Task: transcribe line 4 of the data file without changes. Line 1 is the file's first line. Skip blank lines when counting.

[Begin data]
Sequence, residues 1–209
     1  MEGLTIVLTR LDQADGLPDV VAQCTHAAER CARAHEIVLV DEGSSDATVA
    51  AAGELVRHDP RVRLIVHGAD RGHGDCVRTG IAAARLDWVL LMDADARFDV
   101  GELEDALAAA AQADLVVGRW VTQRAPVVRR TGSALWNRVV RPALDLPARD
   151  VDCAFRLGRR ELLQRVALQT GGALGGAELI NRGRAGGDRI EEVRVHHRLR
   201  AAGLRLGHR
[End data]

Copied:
   101  GELEDALAAA AQADLVVGRW VTQRAPVVRR TGSALWNRVV RPALDLPARD